From: Intel Corporation Hoped Otellini Would Stay Another Year As CEO [ValueWalk, Nov 20, 2012]

Andy Bryant, chairman of the board of Intel Corporation (NASDAQ:INTC) hoped Paul Otellini could stay one more year as chief executive officer (CEO) of the company. During an Interview with Barron’s yesterday, Bryant admitted that he was surprised last week when Otellini  told him that he will retire by May next year.

“I did everything I can think of to buy myself another year [of Otellini’s leaderhip]. We were targeting further out for this,” said Bryant.

During the interview with Barron’s, Bryant said the mobile market is still a big challenge for the company. According to him,”After almost 40 years at Intel, and the Intel CEO job for 8 years, which is a really hard job, he felt it was time to move to the next generation of leadership. We do have big issues in front of us, moving to the tablet and phone markets, and he was ready to let the next generation lead those battles.”

According to him, finding a replacement for Otellini is another challenge. Intel will search for the next CEO inside and outside the company. He is considering five senior executives as candidates for the position, including Renee James, the head of software; Brian Krzanich, head of manufacturing; Stacy Smith, chief financial officer; Dadi Perlmutter, head of mobile efforts; and Arvind Sodhani, president of Intel Capital.

Ambrish Srivastava, PhD, an analyst at BMO, said it is interesting to know that Intel is willing to hire a CEO outside the company, since the company has a deep rooted internal culture, few came from outside and succeeded.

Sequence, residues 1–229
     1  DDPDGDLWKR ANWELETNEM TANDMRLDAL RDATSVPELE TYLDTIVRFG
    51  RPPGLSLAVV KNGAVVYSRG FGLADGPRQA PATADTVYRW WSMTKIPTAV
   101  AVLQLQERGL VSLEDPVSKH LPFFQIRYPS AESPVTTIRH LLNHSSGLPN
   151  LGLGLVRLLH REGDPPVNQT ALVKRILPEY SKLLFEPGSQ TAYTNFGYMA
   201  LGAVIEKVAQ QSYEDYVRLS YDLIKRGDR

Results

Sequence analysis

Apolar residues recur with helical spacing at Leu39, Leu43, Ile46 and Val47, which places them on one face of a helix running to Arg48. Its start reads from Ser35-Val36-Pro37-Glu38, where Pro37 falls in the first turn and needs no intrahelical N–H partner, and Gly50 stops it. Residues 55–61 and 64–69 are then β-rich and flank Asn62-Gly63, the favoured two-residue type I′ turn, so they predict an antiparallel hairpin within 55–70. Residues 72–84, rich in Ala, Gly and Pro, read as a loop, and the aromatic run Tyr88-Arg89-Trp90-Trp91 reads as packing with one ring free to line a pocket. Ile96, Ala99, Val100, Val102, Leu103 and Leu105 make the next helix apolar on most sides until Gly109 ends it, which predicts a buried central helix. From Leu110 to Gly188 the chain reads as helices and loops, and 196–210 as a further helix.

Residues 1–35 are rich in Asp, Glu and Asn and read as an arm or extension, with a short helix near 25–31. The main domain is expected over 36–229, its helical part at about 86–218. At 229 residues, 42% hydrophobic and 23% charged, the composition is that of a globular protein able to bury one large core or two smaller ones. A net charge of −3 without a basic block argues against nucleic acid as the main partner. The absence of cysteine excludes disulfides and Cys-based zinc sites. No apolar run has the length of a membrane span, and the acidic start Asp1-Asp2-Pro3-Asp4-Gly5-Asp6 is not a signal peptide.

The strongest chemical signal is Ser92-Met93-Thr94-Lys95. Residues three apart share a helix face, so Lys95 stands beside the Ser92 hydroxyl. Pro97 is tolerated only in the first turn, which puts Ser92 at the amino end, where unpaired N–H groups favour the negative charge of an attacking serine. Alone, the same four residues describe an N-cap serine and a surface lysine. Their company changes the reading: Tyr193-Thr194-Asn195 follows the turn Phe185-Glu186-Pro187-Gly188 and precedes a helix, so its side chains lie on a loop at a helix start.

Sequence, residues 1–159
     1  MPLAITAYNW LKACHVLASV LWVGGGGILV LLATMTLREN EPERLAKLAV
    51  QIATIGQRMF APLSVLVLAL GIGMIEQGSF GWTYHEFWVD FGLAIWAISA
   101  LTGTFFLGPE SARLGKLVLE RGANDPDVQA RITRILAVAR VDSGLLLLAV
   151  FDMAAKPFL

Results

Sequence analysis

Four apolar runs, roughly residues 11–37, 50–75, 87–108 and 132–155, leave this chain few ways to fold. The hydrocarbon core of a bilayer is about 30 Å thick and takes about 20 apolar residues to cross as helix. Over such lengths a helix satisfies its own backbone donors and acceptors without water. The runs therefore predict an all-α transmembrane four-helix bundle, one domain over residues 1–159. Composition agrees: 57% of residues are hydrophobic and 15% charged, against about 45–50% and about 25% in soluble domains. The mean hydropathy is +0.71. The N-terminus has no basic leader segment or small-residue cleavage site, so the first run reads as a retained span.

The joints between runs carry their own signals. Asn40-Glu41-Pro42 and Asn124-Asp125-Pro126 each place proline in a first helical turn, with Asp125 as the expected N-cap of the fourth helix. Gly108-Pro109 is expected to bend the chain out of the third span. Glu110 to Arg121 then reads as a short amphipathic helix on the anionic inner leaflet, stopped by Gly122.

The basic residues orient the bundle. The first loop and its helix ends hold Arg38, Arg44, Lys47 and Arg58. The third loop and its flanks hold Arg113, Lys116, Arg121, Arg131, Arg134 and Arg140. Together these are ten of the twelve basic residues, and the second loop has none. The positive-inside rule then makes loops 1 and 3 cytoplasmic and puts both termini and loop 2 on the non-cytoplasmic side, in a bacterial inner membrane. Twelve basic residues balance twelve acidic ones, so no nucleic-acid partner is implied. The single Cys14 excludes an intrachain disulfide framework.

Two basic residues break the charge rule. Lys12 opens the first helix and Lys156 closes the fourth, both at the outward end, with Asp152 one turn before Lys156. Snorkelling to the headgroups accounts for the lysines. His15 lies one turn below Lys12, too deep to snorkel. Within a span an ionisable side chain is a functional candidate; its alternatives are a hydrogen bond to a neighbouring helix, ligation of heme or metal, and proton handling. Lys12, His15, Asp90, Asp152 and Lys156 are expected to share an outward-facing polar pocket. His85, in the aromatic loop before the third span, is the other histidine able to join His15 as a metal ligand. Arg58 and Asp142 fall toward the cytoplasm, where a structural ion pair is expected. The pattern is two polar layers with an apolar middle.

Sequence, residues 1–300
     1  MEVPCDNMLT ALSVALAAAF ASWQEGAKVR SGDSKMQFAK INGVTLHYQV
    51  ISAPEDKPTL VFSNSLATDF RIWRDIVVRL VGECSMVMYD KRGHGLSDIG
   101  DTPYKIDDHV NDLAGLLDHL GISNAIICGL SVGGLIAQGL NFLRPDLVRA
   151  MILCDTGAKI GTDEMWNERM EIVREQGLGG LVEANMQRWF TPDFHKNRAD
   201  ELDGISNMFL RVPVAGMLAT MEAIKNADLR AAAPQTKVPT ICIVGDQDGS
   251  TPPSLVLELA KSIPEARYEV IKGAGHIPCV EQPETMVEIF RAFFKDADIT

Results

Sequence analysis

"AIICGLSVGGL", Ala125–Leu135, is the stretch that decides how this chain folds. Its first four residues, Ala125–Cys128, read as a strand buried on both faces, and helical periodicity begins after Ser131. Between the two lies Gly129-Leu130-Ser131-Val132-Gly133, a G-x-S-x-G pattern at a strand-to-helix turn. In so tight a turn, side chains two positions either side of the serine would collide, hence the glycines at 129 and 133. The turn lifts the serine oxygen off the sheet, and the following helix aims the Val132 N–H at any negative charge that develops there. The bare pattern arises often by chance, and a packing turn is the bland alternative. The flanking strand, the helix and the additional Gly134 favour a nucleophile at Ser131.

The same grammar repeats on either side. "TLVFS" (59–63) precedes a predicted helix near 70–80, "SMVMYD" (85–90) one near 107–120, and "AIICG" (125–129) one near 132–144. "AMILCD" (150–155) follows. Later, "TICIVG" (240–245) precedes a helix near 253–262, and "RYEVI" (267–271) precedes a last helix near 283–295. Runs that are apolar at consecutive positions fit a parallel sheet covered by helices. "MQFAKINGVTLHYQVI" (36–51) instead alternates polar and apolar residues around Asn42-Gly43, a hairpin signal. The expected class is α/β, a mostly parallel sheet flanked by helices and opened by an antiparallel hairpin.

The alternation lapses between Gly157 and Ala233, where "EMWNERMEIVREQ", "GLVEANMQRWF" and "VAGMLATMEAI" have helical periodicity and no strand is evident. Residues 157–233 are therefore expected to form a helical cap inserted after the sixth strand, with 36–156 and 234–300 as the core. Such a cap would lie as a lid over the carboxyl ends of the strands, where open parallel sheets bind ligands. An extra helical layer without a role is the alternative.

There was an immediate negative response on the stock market showing that even without any meaningful explanations given by either board or Otellini himself the outlook for Intel turned into a one with less expectations about future performance:

image

And this was only “due to uncertainty with the CEO transition” as was explained by UBS after Intel was downgraded from a “Buy” to “Neutral” by it

There is nevertheless much more behind of this sudden change, as even Intel’s Q3 report had a few question marks hanging in the air, more notably:
From: CFO Commentary on Third-Quarter 2012 Results [Intel, Oct 16, 2012]

Q4 2012 Outlook

Revenue

Revenue is expected to be $13.6B, plus or minus $500M in the fourth quarter. The midpoint of this range would be an increase of 1% from the third quarter. This slight increase in revenue in the fourth quarter reflects the caution we are seeing in the order patterns of our customers as a result of concerns about the global economic environment, ongoing consumer softness in mature markets, and a slowing enterprise market segment.

Gross Margin

Gross margin in the fourth quarter is expected to be 57%, plus or minus a couple points, down 6.3 points from the third quarter. In response to the reductions in our demand forecast we are significantly reducing factory loadings in the fourth quarter, resulting in a forecast of approximately $500M in underutilization charges.